When Facebook CEO Mark Zuckerberg testified before Congress last April, many in the tech industry joked about the out-of-touch questions directed at him by lawmakers.
Serial entrepreneur Arlo Gilbert, however, saw a business opportunity.
“They were asking, ‘Do you still track me after I log out of Facebook,'” Gilbert said in a recent interview with Business Insider. “And I’m like, ‘Of course they do! They cookied you. They’re tracking you everywhere you go!”
But he realized from the questions that most people don’t really understand what they’re agreeing to when they sign up for a service like Facebook or Google, particularly about what the service will do with their data.
That’s because “all that information is buried in like a 28-page legal document,” he said.
So, he created Osano to help consumers out. The Austin, Texas, startup distills terms of service and privacy policies of various online companies into simple, easy-to-understand scores. The ratings are similar to FICO scores, which assess consumers’ individual credit risks. So far, Osano has issued scores for about 400 services.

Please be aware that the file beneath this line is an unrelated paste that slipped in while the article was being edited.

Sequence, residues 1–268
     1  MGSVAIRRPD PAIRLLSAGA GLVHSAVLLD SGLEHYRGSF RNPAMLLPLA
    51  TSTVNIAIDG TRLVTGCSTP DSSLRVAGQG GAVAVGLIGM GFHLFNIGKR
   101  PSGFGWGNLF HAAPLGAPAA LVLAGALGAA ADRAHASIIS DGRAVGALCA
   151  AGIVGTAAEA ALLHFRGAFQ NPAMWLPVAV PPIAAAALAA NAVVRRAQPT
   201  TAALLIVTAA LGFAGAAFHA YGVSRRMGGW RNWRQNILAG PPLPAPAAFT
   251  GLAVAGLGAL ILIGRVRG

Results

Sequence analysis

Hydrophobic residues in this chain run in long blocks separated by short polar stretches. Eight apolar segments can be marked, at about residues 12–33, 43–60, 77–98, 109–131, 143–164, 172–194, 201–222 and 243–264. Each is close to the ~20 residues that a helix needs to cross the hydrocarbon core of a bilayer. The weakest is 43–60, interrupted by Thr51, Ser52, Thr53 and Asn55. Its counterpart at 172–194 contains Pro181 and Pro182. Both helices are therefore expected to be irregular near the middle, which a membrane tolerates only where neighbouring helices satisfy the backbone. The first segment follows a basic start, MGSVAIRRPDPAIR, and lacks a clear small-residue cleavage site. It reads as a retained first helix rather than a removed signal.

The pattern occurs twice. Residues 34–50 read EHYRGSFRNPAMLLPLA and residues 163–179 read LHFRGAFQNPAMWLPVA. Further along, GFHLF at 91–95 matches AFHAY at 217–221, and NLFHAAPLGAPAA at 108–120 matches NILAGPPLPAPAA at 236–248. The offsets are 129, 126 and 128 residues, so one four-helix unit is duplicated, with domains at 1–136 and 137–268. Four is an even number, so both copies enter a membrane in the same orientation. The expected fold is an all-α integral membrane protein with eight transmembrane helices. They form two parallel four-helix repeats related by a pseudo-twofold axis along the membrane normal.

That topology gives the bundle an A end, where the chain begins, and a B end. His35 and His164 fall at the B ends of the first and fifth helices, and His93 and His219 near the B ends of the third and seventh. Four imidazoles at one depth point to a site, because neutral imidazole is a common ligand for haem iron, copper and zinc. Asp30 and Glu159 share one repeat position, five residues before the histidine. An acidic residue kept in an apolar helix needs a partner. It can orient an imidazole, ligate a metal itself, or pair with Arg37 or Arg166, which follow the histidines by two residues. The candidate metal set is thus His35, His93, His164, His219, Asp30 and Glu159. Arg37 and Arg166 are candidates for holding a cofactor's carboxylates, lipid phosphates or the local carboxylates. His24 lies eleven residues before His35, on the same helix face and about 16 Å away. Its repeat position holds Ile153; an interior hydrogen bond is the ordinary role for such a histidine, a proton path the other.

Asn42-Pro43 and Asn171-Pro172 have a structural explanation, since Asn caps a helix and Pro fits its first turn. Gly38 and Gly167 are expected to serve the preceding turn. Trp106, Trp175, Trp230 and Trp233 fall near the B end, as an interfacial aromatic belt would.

“The companies that you might expect to be best actors are sometimes the worst,” said Gilbert, who started his first multi-million dollar tech company in his University of Texas dorm room nearly 20 years ago. “Sometimes the ones you hear most about, like the Facebooks and the Googles of the world, they kind of fall in the middle.”
Osano offers its scores to consumers for free through Privacy Monitor, a browser plugin and smartphone app that’s available for the Chrome, Firefox, and Safari browsers and for Android devices. The company has developed a version of the app for iPhones and iPads that’s awaiting approval and release by Apple. Osano also plans to release a paid service targeted at enterprise customers later this year.
“The internet is getting wrecked, not only by companies burying stuff, but also by people not understanding what they’re signing up for,” Gilbert said. “Our mission is to create transparency with data.”
He’s already convinced some investors about Osano’s potential. Earlier this month, Gilbert announced he had raised $3 million in a seed-funding round. LiveOak Venture Partners led the round, joined by Indeed co-founder Rony Kahan and other notable angel investors.
Here is the pitch deck that helped Gilbert and Osano raise their $3 million seed round, updated for a pitch competition that took place just after they closed (some sensitive information has been redacted):